North Korea Has A Hissy Fit Over Nuclear Talks

Photo of author
Written By Gholam Rahmani

North Korea leader Kim Jung-on seems to be having a  characteristic hissy fit over the reactions of his new found political friends in South Korea and the US.

In statements reminiscent of the North’s harshest rhetoric of the past, negotiators pulled out of planned talks with South Korea.

And the North Korean Marshal of the Republic Kim Jung-on has threatened to cancel talks with US President Donald Trump.

His change of attitude follows a joint South Korean/US military exercise, described by the North as provocative and a rehearsal for an invasion.

In a statement he made clear that if the US insisted North Korea give up an arsenal of nuclear weapons unilaterally, the talks scheduled for Singapore on June 12 would not go ahead.

Defector called human scum

Separately, a government spokesman released a press statement slamming the South Koreans for allowing a defector – which he called ‘human scum’ – to speak in the country’s national assembly.

The moves mark a huge volte face from pictures of a smiling Kim Jung-on holding hands with South Korean president Moon Jae-in stepping back and forwards across the border between the two countries.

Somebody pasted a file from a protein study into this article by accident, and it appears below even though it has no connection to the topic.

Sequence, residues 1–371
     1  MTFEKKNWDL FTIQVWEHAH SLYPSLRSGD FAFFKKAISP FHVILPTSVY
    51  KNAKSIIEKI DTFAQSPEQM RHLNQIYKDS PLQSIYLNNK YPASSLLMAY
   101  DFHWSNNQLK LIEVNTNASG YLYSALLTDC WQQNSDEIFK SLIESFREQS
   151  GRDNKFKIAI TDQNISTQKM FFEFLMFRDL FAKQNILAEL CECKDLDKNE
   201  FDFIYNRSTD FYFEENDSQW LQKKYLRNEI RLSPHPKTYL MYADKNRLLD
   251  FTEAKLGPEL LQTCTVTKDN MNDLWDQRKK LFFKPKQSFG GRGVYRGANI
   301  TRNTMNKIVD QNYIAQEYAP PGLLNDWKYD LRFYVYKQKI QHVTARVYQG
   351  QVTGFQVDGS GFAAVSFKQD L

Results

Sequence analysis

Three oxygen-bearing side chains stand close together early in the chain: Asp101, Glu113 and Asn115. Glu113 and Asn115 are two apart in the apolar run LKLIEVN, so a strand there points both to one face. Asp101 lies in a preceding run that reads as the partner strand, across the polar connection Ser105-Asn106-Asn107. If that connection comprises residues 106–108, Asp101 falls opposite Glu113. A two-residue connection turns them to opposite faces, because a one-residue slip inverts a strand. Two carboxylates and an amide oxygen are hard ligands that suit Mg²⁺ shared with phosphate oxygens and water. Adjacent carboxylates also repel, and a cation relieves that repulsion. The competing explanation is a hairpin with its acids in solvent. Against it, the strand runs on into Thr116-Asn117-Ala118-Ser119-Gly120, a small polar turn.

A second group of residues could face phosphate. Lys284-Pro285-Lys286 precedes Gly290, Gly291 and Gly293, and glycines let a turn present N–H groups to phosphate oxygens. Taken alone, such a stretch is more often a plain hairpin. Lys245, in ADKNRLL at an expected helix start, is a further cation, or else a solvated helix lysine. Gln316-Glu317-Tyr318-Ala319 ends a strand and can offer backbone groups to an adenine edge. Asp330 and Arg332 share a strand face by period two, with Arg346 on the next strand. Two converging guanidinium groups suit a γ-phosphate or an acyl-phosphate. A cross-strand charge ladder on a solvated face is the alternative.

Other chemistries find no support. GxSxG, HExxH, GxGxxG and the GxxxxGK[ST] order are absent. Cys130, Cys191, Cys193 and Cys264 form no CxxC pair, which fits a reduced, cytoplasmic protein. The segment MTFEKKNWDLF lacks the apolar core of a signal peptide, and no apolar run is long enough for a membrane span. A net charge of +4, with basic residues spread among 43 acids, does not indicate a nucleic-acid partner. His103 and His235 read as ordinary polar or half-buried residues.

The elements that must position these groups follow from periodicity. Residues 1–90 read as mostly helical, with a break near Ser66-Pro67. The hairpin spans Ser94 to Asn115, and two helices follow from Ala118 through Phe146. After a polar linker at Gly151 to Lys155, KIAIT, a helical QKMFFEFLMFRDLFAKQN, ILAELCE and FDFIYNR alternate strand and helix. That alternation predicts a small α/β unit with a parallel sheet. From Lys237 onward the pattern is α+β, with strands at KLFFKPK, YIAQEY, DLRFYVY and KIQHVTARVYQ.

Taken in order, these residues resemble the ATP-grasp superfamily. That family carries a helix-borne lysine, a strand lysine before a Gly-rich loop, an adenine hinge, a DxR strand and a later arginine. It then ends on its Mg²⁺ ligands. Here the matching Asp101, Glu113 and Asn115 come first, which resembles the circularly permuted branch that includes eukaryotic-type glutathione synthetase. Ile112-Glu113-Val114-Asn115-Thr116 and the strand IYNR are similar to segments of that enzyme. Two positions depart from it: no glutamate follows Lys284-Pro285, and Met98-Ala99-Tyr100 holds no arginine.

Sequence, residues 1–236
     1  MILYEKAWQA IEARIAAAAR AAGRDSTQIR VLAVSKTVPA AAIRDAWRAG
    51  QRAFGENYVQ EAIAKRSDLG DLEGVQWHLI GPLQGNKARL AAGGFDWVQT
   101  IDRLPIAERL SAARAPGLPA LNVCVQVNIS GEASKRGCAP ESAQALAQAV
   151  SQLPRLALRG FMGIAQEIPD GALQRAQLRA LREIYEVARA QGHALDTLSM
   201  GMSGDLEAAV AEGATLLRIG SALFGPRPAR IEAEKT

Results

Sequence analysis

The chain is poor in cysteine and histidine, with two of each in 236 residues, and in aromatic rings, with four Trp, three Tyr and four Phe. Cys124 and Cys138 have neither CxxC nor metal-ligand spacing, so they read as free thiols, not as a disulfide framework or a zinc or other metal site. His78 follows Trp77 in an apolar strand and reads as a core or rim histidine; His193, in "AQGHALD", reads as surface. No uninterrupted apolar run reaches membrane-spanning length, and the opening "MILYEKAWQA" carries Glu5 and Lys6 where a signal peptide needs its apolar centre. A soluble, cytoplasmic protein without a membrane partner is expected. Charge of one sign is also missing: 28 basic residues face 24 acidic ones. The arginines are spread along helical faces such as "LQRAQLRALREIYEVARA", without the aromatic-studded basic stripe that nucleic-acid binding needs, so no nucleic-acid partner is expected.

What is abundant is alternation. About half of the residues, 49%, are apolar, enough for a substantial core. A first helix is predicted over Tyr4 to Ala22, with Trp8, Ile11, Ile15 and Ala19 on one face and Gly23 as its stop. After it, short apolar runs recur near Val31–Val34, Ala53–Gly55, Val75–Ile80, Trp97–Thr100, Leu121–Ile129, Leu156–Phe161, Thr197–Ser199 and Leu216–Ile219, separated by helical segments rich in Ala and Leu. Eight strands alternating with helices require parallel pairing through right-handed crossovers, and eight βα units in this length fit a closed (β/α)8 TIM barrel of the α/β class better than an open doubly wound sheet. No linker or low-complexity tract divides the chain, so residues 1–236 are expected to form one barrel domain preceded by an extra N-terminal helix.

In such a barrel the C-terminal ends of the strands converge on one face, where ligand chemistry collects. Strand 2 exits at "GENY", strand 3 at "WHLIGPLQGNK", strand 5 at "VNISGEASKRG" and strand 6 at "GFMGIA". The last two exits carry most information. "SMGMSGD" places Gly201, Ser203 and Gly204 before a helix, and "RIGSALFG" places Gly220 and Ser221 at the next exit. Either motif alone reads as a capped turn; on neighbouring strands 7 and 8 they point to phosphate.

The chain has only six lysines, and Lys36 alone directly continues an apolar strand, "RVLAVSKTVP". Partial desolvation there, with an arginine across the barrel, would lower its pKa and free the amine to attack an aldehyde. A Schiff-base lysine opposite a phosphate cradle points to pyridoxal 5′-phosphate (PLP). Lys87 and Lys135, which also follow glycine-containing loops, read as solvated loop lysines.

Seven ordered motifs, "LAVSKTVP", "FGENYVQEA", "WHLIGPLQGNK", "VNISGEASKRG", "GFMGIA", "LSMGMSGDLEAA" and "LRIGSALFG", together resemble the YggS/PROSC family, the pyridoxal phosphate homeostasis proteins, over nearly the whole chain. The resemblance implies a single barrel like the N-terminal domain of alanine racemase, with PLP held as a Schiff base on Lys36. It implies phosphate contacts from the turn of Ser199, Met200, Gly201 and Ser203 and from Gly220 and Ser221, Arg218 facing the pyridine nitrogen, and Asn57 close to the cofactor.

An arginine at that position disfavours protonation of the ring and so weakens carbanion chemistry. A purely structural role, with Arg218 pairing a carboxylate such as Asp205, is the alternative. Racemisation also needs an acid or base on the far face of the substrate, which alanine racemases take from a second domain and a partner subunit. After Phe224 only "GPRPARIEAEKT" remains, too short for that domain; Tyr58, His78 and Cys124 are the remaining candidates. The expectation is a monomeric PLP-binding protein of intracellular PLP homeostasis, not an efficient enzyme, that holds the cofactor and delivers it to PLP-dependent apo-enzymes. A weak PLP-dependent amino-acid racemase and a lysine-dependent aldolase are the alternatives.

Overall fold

Then, both leaders pledged to rid the Korean peninsula of nuclear weapons.

North Korea has already agreed to decommission a nuclear test site, but it seems all sides to the talks have differing interpretations of how the denuclearisation process will operate.

South Korea and the US want an independently verified removal of nuclear weapons in North Korea, but the secretive society seems unwilling for such an exercise.

Pre-talk bluster

The White House responded with a message that Trump is hopeful the talks will proceed, but not that bothered if they do not.

Washington officials also pointed out that Kim Jung-on had requested the talks, not the president.

Many interpret the change in tune by North Korea as a response to the ‘hard cop/soft cop’ routine of national security adviser John Bolton and Secretary of State Mike Pompeo.

Bolton is calling for a tough line from the president, while Pompeo, who has met the North Koreans, is urging a more conciliatory approach.